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ResourcesResearch IntegrityAdvocating for publishing peer review – ASAbio (Iain Cheeseman | April 2018)

Australasian Human Research Ethics Consultancy Services Pty Ltd (AHRECS)

Advocating for publishing peer review – ASAbio (Iain Cheeseman | April 2018)

Published/Released on April 24, 2018 | Posted by Admin on June 13, 2018 / , , , ,
 


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Journals play a critical role in the scientific process, refining research through peer review and disseminating it to appropriate communities. At its best, the publishing process is a partnership among editors, staff, authors, reviewers, and readers. Each group has a vested interest in working together to ensure a robust and fair editorial evaluation, rigorous and constructive review, and the broadest visibility of the work. This process functions best when each group communicates openly with the others as we strive to refine the way that science is conducted and disseminated.

One of the advantages of publishing peer reviews is that it will expose illegitimate publishers for what they are (vanity/pay-to-play publishers) but further study would be prudent on the impact of reputational concerns on reviews and to address the potential for compounded bias in reviews.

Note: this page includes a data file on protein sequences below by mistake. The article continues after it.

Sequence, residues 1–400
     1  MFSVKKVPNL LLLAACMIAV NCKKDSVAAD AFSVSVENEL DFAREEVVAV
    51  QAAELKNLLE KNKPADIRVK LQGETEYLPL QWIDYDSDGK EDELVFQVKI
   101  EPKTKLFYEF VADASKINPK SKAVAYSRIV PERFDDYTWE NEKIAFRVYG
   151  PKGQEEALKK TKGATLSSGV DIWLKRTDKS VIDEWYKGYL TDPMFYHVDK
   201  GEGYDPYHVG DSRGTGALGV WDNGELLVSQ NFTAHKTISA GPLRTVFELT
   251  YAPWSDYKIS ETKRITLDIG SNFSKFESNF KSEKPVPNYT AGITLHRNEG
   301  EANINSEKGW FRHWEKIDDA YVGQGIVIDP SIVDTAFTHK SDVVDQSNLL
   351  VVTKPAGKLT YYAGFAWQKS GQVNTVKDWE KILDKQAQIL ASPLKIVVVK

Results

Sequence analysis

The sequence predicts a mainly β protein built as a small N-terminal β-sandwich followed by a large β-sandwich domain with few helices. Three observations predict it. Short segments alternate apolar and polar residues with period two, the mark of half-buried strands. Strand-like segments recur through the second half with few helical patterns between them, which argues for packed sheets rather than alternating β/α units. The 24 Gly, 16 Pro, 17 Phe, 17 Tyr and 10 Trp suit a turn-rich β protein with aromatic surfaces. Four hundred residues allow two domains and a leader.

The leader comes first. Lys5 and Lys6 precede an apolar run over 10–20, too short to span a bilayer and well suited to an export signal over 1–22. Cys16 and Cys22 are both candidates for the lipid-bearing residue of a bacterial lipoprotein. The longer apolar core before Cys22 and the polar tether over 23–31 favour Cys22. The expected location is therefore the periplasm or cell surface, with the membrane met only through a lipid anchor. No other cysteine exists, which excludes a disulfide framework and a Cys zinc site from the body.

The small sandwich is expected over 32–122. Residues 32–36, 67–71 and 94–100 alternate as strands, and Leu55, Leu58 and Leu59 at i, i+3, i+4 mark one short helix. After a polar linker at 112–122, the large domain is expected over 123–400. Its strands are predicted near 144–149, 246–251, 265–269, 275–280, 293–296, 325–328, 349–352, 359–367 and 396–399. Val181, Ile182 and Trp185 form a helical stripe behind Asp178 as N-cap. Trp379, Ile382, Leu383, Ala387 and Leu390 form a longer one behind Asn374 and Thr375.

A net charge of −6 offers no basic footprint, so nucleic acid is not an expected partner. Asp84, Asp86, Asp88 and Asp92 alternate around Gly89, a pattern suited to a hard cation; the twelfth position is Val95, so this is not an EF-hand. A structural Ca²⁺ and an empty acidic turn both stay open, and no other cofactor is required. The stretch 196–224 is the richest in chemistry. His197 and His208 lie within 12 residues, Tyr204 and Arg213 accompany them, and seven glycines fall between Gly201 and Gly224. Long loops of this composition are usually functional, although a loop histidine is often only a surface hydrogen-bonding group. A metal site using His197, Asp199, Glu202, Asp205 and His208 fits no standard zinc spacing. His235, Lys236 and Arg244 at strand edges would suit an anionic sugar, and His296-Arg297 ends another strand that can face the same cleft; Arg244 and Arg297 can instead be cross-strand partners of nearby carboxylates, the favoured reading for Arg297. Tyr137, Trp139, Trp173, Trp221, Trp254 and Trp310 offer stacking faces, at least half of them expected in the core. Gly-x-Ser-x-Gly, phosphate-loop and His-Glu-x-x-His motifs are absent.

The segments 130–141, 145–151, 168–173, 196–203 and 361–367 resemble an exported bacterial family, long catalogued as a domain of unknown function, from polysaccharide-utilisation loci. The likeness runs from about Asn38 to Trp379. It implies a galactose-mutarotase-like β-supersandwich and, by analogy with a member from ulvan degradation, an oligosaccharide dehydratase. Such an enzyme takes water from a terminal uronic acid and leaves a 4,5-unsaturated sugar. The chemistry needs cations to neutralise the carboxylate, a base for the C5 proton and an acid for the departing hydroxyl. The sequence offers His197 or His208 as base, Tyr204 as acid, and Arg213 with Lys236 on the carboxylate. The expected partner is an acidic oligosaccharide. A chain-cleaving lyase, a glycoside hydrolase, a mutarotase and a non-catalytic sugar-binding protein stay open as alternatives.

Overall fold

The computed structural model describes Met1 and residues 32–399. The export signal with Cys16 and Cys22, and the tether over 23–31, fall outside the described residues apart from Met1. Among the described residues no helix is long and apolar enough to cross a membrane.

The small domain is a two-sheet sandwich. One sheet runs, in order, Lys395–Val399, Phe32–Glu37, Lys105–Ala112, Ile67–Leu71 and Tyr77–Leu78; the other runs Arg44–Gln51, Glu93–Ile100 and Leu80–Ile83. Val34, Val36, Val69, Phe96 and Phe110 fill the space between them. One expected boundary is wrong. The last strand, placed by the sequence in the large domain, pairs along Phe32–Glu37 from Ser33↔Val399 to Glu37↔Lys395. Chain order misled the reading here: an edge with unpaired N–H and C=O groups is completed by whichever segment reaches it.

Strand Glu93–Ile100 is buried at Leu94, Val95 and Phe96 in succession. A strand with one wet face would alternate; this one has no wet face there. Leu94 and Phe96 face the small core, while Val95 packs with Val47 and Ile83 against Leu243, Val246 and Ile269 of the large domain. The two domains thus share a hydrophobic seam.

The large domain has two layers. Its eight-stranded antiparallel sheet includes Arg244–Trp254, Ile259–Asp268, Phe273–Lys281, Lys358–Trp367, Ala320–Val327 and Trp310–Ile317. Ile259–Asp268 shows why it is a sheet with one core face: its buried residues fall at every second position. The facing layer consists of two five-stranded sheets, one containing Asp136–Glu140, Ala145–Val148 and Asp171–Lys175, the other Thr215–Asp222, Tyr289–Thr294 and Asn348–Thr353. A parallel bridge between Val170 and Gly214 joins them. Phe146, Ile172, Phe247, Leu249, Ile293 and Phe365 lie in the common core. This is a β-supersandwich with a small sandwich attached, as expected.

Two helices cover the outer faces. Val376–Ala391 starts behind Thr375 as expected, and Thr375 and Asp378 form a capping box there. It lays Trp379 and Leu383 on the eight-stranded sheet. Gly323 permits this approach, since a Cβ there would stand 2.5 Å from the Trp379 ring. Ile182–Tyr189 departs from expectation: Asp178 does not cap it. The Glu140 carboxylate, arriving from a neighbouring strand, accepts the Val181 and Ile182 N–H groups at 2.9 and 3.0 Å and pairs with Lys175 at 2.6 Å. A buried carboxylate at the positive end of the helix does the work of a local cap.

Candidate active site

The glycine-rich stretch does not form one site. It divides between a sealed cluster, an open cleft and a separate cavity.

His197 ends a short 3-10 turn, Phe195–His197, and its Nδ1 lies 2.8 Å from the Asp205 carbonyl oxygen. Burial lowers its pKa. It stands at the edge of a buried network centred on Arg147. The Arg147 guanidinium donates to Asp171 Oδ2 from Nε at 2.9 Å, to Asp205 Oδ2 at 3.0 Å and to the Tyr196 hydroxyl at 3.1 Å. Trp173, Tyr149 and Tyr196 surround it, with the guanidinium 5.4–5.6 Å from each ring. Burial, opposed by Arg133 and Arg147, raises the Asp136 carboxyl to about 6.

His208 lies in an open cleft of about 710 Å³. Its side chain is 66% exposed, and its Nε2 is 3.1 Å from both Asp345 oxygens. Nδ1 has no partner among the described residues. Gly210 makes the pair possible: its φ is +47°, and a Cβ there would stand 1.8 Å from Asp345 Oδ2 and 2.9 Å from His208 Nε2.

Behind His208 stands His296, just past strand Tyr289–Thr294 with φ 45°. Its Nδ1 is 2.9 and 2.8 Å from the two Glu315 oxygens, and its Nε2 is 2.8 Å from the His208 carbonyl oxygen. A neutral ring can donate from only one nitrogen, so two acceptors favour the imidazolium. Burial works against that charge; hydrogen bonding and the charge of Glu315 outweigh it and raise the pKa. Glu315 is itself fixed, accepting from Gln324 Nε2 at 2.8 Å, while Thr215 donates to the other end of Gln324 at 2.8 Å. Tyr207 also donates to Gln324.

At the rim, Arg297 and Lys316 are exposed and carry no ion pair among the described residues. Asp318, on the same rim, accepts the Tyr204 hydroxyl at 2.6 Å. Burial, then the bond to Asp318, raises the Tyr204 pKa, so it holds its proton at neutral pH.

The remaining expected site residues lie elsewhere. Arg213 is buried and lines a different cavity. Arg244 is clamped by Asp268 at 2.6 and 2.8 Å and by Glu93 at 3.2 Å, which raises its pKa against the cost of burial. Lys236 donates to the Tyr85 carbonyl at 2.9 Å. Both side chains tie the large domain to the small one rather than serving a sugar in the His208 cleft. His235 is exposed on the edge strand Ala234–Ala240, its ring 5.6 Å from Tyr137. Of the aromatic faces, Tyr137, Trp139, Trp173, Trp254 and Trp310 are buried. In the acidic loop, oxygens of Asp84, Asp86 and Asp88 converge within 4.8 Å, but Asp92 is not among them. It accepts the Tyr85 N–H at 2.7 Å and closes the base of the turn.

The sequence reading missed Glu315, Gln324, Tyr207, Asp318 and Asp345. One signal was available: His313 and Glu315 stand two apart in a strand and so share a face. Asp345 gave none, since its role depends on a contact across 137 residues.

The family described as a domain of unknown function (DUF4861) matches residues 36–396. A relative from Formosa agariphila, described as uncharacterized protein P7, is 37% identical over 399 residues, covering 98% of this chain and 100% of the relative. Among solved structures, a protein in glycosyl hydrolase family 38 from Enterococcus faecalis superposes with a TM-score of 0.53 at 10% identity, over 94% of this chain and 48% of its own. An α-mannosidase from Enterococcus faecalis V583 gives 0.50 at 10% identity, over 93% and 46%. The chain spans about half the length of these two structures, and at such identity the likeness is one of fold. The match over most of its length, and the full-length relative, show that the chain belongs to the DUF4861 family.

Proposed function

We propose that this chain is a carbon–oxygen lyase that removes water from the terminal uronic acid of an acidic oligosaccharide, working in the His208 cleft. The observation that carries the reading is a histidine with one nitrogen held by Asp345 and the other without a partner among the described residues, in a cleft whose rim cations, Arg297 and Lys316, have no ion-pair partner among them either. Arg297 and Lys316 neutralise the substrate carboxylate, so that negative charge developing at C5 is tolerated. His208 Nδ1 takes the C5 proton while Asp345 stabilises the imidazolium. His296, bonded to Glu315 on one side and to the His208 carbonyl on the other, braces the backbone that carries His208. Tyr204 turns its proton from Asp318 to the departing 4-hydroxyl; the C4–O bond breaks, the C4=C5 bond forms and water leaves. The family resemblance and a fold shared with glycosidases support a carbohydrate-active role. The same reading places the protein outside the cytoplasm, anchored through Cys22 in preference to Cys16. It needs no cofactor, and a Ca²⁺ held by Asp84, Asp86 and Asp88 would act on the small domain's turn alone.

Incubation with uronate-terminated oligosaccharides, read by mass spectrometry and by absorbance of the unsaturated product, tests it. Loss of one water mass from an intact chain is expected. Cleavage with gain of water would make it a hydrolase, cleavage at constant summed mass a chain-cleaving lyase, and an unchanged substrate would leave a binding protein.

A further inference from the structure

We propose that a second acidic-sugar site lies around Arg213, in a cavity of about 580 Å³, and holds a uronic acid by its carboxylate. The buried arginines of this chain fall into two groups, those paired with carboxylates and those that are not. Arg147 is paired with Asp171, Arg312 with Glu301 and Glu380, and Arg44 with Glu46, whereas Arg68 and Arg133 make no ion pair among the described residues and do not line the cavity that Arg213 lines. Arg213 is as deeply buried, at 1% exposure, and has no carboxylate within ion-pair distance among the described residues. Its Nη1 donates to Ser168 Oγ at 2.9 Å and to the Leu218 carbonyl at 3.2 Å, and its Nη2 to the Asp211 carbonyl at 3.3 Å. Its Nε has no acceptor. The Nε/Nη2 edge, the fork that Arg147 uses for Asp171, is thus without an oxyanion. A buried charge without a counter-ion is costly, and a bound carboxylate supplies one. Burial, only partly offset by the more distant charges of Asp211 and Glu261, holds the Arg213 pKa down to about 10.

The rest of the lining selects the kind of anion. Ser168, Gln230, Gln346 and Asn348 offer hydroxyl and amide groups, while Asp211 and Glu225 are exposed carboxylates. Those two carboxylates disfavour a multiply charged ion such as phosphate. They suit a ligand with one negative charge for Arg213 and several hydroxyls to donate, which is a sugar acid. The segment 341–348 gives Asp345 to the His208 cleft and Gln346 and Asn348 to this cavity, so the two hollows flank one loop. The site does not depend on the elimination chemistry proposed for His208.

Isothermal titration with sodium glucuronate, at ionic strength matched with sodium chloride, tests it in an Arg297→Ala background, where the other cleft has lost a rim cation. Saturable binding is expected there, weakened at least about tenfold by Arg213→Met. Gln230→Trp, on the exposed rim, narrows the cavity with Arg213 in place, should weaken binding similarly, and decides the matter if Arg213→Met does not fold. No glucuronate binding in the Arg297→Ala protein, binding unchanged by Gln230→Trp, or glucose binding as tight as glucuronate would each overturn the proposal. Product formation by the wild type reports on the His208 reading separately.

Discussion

The last few years have seen a revolution in life sciences publishing with the adoption of preprints and increasingly diverse experiments from traditional journals. A recent meeting organized by ASAPbio, HHMI, and Wellcome focused on bringing more transparency and innovation to our peer review system. One of the most important tangible recommendations to come from the meeting, in my opinion, was the proposal that journals should widely adopt more transparency in the peer review process. There was near unanimous consensus from the participants—which included scientists, representatives of journals, scientific societies, and funders—that more journals should commit to publishing the peer reviews of every paper that appears in the journal. Similar to the peer review processes offered by EMBO Journal, eLife, and others, the reviewers could still remain anonymous, but this transparency would provide much better insight into the assessment process and nature of the paper.
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